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Archived: Clann House Good

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Reports


Inspection carried out on 25 & 26 November 2015

During a routine inspection

This was an unannounced inspection which took place over two days on 25 and 26 November 2015. Clann House provides care for up to 34 older people. At the time of our inspection 25 people were living there.

The home had a registered manager. A registered manager is a person who has registered with the Care Quality Commission to manage the service. Like registered providers, they are ‘registered persons’. Registered persons have legal responsibility for meeting the requirements in the Health and Social Care Act 2008 and associated Regulations about how the service is run.

People and their relatives spoke highly of the care and support they received. Care and support focussed on each person’s individual needs, their likes, dislikes and routines that were important to them. Where people were unable to consent to their care or support best interests meetings were held. When people’s needs changed staff reacted promptly involving other social and health care professionals if needed.

People chose the meals they wished to eat and decided where to eat them. Special diets were available for people at risk of losing weight or who were at risk of choking.

People told us they felt safe. All staff had undertaken training on safeguarding vulnerable adults from abuse, they displayed good knowledge on how to report any concerns and described what action they would take to protect people against harm. Staff told us they felt confident any incidents or allegations would be fully investigated.

People were protected by the service’s safe recruitment practices. Staff underwent the necessary checks which determined they were suitable to work with vulnerable adults, before they started their employment.

People had their medicines managed safely. People received their medicines as prescribed, received them on time and understood what they were for. People were supported to maintain good health through regular access to healthcare professionals, such as GPs, community nurses and speech and language therapists.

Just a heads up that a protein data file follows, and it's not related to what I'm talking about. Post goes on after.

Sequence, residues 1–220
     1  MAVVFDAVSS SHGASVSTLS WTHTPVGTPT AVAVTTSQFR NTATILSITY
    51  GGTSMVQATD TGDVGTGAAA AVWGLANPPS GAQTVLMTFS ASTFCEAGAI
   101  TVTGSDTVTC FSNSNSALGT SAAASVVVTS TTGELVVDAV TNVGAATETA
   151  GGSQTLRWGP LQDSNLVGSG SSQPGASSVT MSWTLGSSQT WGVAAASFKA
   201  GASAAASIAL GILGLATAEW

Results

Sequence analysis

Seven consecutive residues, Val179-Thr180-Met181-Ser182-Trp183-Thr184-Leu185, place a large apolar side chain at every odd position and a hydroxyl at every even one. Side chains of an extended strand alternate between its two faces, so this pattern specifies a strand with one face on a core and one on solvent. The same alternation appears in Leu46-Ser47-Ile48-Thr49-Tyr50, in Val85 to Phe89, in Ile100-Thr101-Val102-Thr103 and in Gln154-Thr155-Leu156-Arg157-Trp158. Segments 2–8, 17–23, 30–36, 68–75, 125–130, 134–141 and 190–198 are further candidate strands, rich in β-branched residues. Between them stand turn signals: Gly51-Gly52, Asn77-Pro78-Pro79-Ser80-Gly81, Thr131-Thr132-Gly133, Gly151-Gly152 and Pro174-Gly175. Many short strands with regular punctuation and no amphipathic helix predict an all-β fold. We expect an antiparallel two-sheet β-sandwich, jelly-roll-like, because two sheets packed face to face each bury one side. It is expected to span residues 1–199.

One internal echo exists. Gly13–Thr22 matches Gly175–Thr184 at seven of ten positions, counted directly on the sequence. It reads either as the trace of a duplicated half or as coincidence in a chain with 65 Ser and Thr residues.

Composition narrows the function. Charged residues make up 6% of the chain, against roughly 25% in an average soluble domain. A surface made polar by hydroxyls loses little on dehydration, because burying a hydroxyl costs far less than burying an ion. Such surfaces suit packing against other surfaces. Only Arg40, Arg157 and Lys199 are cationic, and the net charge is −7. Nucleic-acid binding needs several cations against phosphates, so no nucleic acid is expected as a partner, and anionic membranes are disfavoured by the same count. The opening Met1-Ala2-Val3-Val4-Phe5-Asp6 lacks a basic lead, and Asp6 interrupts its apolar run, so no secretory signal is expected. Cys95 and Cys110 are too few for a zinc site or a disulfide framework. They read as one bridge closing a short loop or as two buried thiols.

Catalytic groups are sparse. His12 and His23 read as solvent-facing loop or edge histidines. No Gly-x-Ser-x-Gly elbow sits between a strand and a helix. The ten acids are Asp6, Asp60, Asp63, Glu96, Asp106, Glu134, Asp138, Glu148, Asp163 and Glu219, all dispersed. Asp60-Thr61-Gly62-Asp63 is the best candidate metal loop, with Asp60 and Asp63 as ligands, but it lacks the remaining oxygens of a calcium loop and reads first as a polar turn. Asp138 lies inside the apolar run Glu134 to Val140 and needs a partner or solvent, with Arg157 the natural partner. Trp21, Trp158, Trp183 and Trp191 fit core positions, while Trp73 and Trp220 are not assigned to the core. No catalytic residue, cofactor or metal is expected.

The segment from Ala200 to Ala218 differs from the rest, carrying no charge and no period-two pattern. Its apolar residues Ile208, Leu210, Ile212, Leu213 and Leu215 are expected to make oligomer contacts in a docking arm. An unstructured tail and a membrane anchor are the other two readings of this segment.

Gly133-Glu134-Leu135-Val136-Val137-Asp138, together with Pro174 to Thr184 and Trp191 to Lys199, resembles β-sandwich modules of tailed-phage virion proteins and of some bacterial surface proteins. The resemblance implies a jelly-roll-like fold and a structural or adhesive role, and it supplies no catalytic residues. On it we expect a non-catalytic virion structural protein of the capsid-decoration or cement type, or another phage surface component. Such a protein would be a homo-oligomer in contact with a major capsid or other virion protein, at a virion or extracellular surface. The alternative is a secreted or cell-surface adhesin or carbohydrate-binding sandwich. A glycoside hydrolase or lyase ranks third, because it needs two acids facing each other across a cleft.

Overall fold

Relatives and friends were always made to feel welcome and people were supported to maintain relationships with those who mattered to them. People and those who mattered to them knew how to raise concerns and make complaints.

Staff received a comprehensive induction programme. There were sufficient staff to meet people’s needs. Staff were appropriately trained and had the correct skills to carry out their roles effectively.

Staff described the management to be supportive and approachable. Staff talked positively about their jobs. Comments included, "I love it. I love everything about it" and "I love working here because the residents are well looked after. Everyone here is compassionate."

Staff understood their role with regards the Mental Capacity Act (2005) and the associated Deprivation of Liberty Safeguards. Applications were made and advice was sought to help safeguard people and respect their human rights.

There were effective quality assurance systems in place. Incidents were appropriately recorded and analysed. Learning from incidents and concerns raised was used to help drive improvements and ensure positive progress was made in the delivery of care and support provided by the service.

Inspection carried out on 15 July 2013

During a routine inspection